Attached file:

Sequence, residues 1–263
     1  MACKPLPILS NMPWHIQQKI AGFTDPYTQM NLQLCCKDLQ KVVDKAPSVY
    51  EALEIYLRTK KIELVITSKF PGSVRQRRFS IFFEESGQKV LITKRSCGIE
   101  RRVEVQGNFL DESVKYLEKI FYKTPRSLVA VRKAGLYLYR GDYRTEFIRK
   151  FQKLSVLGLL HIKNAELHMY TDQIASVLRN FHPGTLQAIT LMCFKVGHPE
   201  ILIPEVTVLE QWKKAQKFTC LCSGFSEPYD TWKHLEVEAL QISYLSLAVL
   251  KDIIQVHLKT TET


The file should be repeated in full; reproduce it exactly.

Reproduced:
Sequence, residues 1–263
     1  MACKPLPILS NMPWHIQQKI AGFTDPYTQM NLQLCCKDLQ KVVDKAPSVY
    51  EALEIYLRTK KIELVITSKF PGSVRQRRFS IFFEESGQKV LITKRSCGIE
   101  RRVEVQGNFL DESVKYLEKI FYKTPRSLVA VRKAGLYLYR GDYRTEFIRK
   151  FQKLSVLGLL HIKNAELHMY TDQIASVLRN FHPGTLQAIT LMCFKVGHPE
   201  ILIPEVTVLE QWKKAQKFTC LCSGFSEPYD TWKHLEVEAL QISYLSLAVL
   251  KDIIQVHLKT TET